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Transport and travel firms take drastic measures as demand plummets

Airlines have decimated their schedules amid a sharp decline in passenger numbers due to the coronavirus outbreak.

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EasyJet has warned that some airlines may not survive the coronavirus outbreak (Gareth Fuller/PA)

EasyJet has warned that some airlines may not survive the coronavirus outbreak (Gareth Fuller/PA)

EasyJet has warned that some airlines may not survive the coronavirus outbreak (Gareth Fuller/PA)

Transport and travel companies are slashing services amid the dire financial impact of the coronavirus.

Airlines are grounding most of their flights in the coming days and warning that some carriers may collapse without billions of pounds of government support.

Tui, the UK’s biggest travel company, has suspended “the vast majority” of its holidays, while P&O Cruises and Cunard have cancelled all cruises until April 11.

There is also growing speculation that Britain’s train companies have asked the Government to take drastic measures to help them survive the sharp fall in demand.

The aviation industry is facing unprecedented pressureVirgin Atlantic

Airlines such as easyJet, Ryanair, British Airways, Virgin Atlantic and Norwegian have decimated their flight schedules due to travel restrictions around the world and plummeting passenger numbers.

EasyJet warned there is “no guarantee” that European airlines will “survive what could be a long-term travel freeze and the risks of a slow recovery”.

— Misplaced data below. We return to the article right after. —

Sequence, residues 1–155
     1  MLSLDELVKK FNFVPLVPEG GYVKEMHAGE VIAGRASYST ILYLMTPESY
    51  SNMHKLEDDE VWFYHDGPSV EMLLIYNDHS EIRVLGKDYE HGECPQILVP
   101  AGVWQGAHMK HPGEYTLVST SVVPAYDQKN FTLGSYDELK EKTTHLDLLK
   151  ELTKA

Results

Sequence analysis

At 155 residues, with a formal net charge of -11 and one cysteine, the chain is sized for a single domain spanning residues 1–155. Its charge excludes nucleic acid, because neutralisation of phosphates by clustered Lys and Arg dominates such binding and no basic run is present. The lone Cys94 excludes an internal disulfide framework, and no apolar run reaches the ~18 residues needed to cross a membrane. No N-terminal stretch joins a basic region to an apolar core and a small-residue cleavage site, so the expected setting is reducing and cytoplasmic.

For April and May, Ryanair is cutting its capacity by up to 80% while British Airways’ parent company IAG said it will reduce capacity by at least 75%.

Ryanair added that “a full grounding of the fleet cannot be ruled out”.

Virgin Atlantic, which will stop using up to 85% of its aircraft, told staff to take eight weeks of unpaid leave, with the cost spread across six months of their salary.

An airline spokesman said: “The aviation industry is facing unprecedented pressure. We are appealing to the Government for clear, decisive and unwavering support.

“Our industry needs emergency credit facilities to a value of £5 billion to £7.5 billion, to bolster confidence and to prevent credit card processors from withholding customer payments.”

EasyJet and Ryanair said they will operate rescue flights to repatriate customers stranded abroad.

Richard Moriarty, chief executive of the Civil Aviation Authority, has warned that “the threat to the survival of some businesses is real”, adding that airlines and package holiday firms will need to take “very difficult actions” to avoid running out of cash.

The PA news agency understands that Heathrow has cancelled executive pay and frozen recruitment for the coming months.

Sky News reported that the airport’s chief executive John Holland-Kaye will forego his salary for three months, which it said is worth more than £185,000.

Travel company Tui said it has suspended “the vast majority of all travel operations until further notice”.

This includes package holidays, cruises and hotels.

P&O Cruises said all ships are being brought back to Southampton and the firm will “monitor the situation over the coming weeks”.

Cunard’s Queen Mary 2 and Queen Victoria are also returning to Southampton, while its other liner, Queen Elizabeth, is in Australia and has had her itineraries suspended.

There has also been a drop in demand for rail travel, with Transport Secretary Grant Shapps revealing that the number of train passengers fell by a fifth over the last week.

He told BBC Radio 4’s Today programme: “The railways have definitely seen a big drop-off … last week by about 18%-20% in the number of passengers, and we’re working with them closely.”

It has been reported that train operators have asked the Government to renegotiate their contracts to reduce payments and cut timetables.

A spokesman for industry body the Rail Delivery Group said train companies “are regularly in discussions with the Government about a range of things that affect the railway”.

PA